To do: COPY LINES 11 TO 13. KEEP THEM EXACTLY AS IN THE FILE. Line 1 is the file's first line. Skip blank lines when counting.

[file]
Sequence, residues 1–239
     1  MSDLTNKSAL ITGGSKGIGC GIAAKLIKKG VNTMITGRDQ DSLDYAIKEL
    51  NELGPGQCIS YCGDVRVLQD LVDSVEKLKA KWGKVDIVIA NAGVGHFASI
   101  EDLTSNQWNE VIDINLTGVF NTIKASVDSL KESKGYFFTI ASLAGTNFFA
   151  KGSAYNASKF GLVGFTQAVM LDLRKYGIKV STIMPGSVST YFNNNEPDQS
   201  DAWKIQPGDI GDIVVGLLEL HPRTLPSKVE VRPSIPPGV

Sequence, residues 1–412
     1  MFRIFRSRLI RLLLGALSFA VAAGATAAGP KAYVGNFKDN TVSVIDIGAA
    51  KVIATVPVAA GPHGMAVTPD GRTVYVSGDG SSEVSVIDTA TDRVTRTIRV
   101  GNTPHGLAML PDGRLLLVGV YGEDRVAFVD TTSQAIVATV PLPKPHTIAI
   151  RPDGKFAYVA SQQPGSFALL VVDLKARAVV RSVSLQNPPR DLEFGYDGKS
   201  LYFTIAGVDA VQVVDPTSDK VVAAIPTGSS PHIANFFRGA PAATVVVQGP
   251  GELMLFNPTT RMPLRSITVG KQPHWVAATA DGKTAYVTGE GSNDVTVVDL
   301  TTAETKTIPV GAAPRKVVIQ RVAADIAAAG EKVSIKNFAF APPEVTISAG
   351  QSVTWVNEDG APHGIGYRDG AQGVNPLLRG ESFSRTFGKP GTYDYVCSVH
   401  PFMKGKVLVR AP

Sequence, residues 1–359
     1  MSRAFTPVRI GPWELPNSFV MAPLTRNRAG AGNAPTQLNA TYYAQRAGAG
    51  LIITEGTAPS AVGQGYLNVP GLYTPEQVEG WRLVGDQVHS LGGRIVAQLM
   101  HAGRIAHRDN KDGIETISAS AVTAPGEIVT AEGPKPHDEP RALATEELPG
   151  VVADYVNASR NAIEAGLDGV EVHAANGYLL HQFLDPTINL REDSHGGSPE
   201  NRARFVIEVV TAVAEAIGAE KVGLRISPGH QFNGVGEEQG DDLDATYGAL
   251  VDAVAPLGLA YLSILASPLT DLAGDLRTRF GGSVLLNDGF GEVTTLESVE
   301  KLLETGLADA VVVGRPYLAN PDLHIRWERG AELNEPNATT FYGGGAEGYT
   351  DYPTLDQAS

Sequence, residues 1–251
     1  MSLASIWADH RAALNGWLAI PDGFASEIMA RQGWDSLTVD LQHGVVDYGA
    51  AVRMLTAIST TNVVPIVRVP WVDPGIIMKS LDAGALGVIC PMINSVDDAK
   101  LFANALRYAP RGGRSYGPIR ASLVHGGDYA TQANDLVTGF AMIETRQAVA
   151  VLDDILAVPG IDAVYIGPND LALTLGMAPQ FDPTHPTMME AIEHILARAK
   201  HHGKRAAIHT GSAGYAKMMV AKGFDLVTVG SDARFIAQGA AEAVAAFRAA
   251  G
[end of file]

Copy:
   151  RPDGKFAYVA SQQPGSFALL VVDLKARAVV RSVSLQNPPR DLEFGYDGKS
   201  LYFTIAGVDA VQVVDPTSDK VVAAIPTGSS PHIANFFRGA PAATVVVQGP
   251  GELMLFNPTT RMPLRSITVG KQPHWVAATA DGKTAYVTGE GSNDVTVVDL